—­found him washed up in Fulham. Then there were other places, each smaller than the last, and finally, Mecklenburgh Street. The ex-­local-­authority flat is in an unfaced terrace of London brick. The front doors of the houses are painted black—­dust-­bleared fanlights, massed doorbells. The basement flats have their own entrances. Metal steps, textured like a fire escape, tack down via a square landing. The area is littered with dead brown leaves. The bedroom curtains are permanently closed.

He pulls the plug and the shaving-­water noisily sinks away. No more magnificence. Now he just wants things to be okay. He wants somewhere okay to live. An okay job. One or two holidays a year. Perhaps a few modest luxuries. A middle-­class life in other words. And a woman. Of course a woman. She is the indispensable ingredient for such a life. Without her it would have quite a sad, lonely look. Yes, without her, there would be something sad, something futile, about those few small luxuries. He towels his face in the forty-­watt light of the bathroom—­it is an odd stooping space, under someone else’s stairs, the frigid London morning sliding in through a lint-­furred vent. There is this Katherine King. This woman he has been seeing for the last month or two. Indeed, it is possible that she is the inspiration for this whole train of thought—­that the idea of a middle-­class life in London, forever, has its sudden look of enticing plausibility now that it is framed in terms of a middle-­class life in London, forever,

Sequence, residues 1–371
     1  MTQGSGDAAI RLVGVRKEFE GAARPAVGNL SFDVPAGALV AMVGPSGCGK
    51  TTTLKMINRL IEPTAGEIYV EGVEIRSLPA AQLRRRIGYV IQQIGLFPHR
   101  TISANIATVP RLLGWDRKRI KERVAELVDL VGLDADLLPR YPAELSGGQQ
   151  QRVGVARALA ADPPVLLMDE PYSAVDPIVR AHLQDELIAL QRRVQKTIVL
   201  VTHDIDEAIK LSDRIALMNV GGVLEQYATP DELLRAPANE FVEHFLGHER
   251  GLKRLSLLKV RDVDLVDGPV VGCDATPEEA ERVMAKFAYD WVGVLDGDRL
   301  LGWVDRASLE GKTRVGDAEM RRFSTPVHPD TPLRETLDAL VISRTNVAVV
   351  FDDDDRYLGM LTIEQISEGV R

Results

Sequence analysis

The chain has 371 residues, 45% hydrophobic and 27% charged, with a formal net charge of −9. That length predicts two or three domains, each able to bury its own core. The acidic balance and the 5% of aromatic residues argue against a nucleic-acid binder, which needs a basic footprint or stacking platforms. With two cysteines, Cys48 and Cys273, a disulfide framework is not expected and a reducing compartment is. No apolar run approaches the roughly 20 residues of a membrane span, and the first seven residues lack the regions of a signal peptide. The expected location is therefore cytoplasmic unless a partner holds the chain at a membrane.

with her.
These days, to imagine other things—­new things—­leaves him feeling exhausted. (And, he thinks, splashing the sink’s limescaled surface, surely
that